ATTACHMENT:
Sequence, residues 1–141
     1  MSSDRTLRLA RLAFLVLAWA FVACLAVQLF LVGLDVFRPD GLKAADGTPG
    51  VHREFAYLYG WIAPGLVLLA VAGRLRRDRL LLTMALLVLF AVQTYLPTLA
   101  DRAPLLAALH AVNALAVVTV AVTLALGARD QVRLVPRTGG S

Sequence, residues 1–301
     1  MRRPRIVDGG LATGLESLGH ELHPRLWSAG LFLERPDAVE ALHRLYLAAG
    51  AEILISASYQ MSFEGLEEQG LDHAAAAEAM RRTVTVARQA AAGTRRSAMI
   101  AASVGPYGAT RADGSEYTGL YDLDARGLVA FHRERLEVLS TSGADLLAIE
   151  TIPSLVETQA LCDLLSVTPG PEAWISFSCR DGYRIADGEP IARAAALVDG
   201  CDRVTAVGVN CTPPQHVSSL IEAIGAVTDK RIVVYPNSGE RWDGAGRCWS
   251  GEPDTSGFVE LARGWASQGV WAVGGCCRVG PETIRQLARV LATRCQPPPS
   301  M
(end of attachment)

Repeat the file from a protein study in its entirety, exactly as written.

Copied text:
Sequence, residues 1–141
     1  MSSDRTLRLA RLAFLVLAWA FVACLAVQLF LVGLDVFRPD GLKAADGTPG
    51  VHREFAYLYG WIAPGLVLLA VAGRLRRDRL LLTMALLVLF AVQTYLPTLA
   101  DRAPLLAALH AVNALAVVTV AVTLALGARD QVRLVPRTGG S

Sequence, residues 1–301
     1  MRRPRIVDGG LATGLESLGH ELHPRLWSAG LFLERPDAVE ALHRLYLAAG
    51  AEILISASYQ MSFEGLEEQG LDHAAAAEAM RRTVTVARQA AAGTRRSAMI
   101  AASVGPYGAT RADGSEYTGL YDLDARGLVA FHRERLEVLS TSGADLLAIE
   151  TIPSLVETQA LCDLLSVTPG PEAWISFSCR DGYRIADGEP IARAAALVDG
   201  CDRVTAVGVN CTPPQHVSSL IEAIGAVTDK RIVVYPNSGE RWDGAGRCWS
   251  GEPDTSGFVE LARGWASQGV WAVGGCCRVG PETIRQLARV LATRCQPPPS
   301  M